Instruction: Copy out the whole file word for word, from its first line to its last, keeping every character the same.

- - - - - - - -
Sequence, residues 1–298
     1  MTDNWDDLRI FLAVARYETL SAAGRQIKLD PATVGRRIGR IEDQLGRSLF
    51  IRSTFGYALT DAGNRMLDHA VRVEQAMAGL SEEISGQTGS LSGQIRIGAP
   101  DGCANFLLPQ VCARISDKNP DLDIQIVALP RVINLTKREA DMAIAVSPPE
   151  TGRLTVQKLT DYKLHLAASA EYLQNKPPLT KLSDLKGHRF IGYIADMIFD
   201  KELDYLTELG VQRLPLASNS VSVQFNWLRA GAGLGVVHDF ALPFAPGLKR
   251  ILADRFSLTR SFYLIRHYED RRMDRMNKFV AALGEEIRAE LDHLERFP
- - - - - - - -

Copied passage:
Sequence, residues 1–298
     1  MTDNWDDLRI FLAVARYETL SAAGRQIKLD PATVGRRIGR IEDQLGRSLF
    51  IRSTFGYALT DAGNRMLDHA VRVEQAMAGL SEEISGQTGS LSGQIRIGAP
   101  DGCANFLLPQ VCARISDKNP DLDIQIVALP RVINLTKREA DMAIAVSPPE
   151  TGRLTVQKLT DYKLHLAASA EYLQNKPPLT KLSDLKGHRF IGYIADMIFD
   201  KELDYLTELG VQRLPLASNS VSVQFNWLRA GAGLGVVHDF ALPFAPGLKR
   251  ILADRFSLTR SFYLIRHYED RRMDRMNKFV AALGEEIRAE LDHLERFP